A member of the WWVA soccer team, Yeltsin has worked off campus while being a full-time student. He has been named Student of the Month and received an Alumni Scholarship Award. The son of Flavio and Hilda Sanchez, he plans to pursue an engineering degree at WWU.
For more information about Exchange Club, write to P.O. Box 403, Walla Walla WA 99362 or online see www.wwexchangeclub.org .
Mariann Harmon with Key Technology’s Relay for Life Off Our Keysters for a Cure Team, walking to find a cure for cancer, said they raised more than $1,200 during a Feb. 9 flapjack fundraiser at Applebee’s restaurant.
They served all-you-can-eat pancakes, bacon, hash browns, juice and coffee to family and friends and had great fun, Marianne said.
Team members include Amy Miller, Mariann Harmon, Terry Smelcer, Cyndi Svehaug, Amy LeFore, Mary McKinley, Jamie Van Ausdle, Sean Calvert, Greg Roland, Ginger Petty and Wendy Laughery.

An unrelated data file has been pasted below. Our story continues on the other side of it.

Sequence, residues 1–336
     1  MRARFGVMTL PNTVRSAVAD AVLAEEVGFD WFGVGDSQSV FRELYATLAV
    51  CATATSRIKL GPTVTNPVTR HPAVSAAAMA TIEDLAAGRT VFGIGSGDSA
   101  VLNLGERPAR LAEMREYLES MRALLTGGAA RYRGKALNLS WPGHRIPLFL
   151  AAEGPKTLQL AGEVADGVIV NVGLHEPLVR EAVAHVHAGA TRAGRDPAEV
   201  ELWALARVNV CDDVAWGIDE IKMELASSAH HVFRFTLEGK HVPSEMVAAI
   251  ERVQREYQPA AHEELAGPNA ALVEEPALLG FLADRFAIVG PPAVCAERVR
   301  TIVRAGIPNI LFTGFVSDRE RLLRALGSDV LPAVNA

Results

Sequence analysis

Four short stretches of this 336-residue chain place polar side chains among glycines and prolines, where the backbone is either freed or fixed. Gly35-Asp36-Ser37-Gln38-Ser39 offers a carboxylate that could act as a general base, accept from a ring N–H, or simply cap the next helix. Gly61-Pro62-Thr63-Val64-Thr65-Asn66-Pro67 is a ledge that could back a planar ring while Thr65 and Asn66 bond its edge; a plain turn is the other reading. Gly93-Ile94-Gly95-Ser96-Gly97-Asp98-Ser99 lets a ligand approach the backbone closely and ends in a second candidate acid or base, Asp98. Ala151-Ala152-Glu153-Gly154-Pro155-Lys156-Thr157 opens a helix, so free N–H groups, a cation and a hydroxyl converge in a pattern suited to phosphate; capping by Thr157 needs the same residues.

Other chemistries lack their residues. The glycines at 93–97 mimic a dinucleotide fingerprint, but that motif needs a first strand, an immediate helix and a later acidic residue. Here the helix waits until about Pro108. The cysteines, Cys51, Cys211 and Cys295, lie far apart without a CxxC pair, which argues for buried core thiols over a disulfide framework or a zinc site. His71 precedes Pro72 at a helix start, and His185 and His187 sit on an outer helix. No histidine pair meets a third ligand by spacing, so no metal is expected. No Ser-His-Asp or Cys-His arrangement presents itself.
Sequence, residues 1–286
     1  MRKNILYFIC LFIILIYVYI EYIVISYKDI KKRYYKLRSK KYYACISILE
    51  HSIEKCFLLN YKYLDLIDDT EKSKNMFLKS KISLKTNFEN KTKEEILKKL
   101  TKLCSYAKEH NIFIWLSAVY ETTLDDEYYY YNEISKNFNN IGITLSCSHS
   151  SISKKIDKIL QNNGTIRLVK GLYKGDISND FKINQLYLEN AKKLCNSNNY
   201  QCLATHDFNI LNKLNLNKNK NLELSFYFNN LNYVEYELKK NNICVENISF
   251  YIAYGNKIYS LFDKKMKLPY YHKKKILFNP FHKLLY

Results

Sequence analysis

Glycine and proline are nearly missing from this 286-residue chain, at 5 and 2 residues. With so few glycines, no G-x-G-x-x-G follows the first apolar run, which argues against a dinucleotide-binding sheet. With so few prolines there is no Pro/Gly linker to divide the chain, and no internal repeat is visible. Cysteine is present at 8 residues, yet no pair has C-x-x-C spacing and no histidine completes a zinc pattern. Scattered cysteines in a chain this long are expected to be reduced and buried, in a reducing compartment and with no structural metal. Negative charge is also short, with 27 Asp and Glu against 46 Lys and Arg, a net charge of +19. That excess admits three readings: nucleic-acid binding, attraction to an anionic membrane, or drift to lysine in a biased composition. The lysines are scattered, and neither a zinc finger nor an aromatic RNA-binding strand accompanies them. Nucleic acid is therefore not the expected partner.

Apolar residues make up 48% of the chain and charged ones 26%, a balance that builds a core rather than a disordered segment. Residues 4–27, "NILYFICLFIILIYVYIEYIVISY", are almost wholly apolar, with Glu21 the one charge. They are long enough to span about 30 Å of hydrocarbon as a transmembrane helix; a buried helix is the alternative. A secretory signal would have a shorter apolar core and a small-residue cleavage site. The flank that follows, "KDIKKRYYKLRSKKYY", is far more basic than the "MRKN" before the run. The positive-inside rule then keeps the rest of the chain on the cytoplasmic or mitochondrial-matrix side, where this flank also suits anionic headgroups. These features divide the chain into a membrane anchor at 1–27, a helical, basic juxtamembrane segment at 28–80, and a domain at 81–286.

More than 300 cadets from 11 schools in Washington and Oregon competed at host Walla Walla High School during a Jan. 18-20 drill meet according to the Walla Walla Public Schools Week in Review online newsletter.
There were displays of rifle manipulation, drill and marksmanship. On Jan. 19, Wa-Hi students received multiple awards.
Blue Devils Color Guard Team 2 placed first and Color Guard Team 1 took third.
Within marksmanship categories, the Blue Devils precision team claimed first place with senior Cadet Capt. Caitlyn Lasseigne, 18, taking the individuals first place and junior Cadet Sgt. Sarah Jameson, 16, took third.
In sporter rifle categories Cadet Cpl. McKenna French, 16, place second in master class rankings. Blue Devils senior, Cadet 1st Lt. Chris French, 17, placed first in individual armed exhibition drill competition.
JROTC cadets learn military history, precision drill and ceremonies, marksmanship and leadership skills. Wa-Hi Blue Devils Cadet Battalion competes in drill, ceremony and marksmanship events around the region.